October 09, 2023
Data plays a fundamental role in most organizations these days. Companies can't get value from poor-quality data, whether used for building business strategy or as a base for a whole new product. Data reliability is an integral part of successful data-driven processes.
In this article, we will explore the basics of data reliability: the key factors of data reliability, the different ways this term is used in data science, and how to avoid working with unreliable data.
Growing demand for reliable data
As data is becoming increasingly important, the demand for high-quality, reliable data grows as well. Data reliability is the foundation of data integrity. It strives to ensure that the data you're working with meets certain standards and aims to streamline and optimize data management processes to ensure that data is trustworthy.
As a more general data science term, data reliability refers to consistent and dependable data. When speaking about data reliability, experts usually focus on continuously improving data-related processes in organizations to manage data successfully and ensure its value to users.
In statistics, the term data reliability focuses on data consistency. When data is reliable, it means that if the data collection process were to be repeated, the data would yield consistent results.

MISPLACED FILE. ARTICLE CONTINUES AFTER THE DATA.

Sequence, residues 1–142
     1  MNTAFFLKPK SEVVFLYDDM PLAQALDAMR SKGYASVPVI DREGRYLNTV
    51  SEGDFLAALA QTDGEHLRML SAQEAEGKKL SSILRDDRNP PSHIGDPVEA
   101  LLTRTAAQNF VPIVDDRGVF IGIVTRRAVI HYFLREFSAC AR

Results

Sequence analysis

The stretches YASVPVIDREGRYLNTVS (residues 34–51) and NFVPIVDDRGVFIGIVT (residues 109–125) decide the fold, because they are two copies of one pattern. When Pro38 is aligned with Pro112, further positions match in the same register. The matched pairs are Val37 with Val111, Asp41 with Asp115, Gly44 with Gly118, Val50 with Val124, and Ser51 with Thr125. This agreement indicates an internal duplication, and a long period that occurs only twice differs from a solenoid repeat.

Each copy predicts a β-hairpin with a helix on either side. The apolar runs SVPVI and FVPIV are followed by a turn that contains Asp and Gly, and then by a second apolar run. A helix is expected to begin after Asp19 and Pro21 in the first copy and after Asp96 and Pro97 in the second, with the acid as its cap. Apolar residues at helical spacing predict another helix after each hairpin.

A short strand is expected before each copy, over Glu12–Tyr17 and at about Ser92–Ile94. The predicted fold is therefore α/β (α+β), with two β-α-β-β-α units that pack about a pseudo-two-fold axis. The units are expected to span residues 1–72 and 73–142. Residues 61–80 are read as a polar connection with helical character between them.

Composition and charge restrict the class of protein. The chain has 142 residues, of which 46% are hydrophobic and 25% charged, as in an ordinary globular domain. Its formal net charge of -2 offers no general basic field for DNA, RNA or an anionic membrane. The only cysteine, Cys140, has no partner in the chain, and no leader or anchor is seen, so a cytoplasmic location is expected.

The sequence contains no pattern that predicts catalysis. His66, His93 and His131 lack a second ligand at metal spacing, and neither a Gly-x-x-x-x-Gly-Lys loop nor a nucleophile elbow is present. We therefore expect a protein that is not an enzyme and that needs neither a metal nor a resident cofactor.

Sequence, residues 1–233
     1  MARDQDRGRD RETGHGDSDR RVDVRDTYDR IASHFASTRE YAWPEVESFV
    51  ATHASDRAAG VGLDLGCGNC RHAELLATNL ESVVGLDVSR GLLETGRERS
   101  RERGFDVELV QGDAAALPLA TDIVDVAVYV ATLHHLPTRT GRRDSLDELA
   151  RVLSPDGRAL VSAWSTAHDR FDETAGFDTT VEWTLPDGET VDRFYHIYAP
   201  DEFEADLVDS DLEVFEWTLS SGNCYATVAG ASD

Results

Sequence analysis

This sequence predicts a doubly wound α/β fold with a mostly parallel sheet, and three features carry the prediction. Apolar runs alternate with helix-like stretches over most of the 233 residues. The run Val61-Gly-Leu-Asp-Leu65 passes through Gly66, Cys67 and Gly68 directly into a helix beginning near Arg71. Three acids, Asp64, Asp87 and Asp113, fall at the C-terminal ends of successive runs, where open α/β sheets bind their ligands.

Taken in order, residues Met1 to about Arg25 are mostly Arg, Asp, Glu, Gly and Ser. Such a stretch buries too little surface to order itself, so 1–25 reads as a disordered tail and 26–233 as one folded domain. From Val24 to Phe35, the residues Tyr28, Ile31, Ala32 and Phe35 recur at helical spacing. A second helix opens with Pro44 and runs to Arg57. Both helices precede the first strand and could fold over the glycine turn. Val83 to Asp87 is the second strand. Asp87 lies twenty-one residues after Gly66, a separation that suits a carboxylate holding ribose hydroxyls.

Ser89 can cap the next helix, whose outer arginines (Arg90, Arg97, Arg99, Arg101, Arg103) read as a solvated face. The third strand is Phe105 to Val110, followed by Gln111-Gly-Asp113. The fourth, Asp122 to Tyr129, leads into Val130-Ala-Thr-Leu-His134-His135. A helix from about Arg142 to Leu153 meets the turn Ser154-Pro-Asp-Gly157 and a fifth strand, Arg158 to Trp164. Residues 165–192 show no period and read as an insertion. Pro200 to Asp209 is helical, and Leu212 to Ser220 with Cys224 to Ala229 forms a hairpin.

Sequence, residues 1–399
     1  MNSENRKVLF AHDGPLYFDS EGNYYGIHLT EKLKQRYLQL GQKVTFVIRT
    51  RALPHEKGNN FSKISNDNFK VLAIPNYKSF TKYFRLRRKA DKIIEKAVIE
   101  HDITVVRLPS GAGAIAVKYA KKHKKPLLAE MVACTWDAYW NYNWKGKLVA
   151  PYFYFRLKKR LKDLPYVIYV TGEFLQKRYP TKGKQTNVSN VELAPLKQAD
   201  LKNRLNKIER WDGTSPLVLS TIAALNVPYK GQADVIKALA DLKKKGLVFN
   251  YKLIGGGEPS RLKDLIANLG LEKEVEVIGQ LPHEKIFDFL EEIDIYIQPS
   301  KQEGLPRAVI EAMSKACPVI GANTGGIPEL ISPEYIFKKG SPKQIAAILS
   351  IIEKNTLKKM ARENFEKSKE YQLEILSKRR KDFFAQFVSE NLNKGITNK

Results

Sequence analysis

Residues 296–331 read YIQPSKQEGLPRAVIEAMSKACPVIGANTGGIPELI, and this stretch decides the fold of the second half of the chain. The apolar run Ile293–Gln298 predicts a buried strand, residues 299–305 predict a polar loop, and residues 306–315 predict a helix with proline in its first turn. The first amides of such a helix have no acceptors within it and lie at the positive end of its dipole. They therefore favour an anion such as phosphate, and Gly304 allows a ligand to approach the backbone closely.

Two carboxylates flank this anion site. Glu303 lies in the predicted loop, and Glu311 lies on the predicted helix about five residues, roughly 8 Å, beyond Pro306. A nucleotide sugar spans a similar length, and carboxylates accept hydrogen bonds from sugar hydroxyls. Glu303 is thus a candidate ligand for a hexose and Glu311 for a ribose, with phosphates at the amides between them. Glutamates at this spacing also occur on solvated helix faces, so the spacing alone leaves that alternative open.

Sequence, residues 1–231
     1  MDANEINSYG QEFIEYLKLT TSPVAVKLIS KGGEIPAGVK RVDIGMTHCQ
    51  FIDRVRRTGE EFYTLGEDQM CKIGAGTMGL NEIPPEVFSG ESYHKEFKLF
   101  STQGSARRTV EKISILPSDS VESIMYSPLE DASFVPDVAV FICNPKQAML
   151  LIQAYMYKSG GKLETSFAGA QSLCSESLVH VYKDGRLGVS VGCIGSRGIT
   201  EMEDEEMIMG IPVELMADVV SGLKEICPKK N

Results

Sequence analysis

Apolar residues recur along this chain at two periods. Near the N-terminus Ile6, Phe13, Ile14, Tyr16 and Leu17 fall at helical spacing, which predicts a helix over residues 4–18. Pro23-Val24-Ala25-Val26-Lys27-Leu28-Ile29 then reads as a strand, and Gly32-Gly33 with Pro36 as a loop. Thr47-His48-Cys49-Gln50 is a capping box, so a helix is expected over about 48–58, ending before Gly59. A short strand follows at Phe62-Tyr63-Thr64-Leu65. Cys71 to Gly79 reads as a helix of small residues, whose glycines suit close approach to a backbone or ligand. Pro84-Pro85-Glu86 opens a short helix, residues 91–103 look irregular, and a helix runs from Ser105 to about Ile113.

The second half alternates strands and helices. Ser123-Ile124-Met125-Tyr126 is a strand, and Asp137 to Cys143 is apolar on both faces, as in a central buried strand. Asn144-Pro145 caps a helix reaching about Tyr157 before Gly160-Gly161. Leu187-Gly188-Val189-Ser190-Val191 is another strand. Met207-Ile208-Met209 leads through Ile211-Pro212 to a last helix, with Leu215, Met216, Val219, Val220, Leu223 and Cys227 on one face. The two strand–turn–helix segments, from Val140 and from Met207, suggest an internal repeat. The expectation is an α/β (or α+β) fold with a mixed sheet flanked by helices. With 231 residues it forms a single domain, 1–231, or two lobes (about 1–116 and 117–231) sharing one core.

Key factors that define reliable data
In essence, reliable data can be trusted to consistently represent what it's intended to capture. Reliable data is trustworthy, accurate, and highly available. Ensuring data reliability requires sophisticated collection methods, validation, and quality assurance processes as it's intended to protect data at all stages of its lifecycle.
To ensure the highest level of data reliability, some companies even have dedicated data reliability engineers that address quality and availability issues.
Major data reliability issues are usually noticed during testing or when stakeholders report data reliability issues. They often arise from quality-related incidents. However, there needs to be a difference between measuring data quality and measuring data reliability.
While quality emphasizes the correctness and usability of the data, reliability is more about whether the data can be consistently reproduced and is dependable. Still, some data quality dimensions are inseparable from data reliability.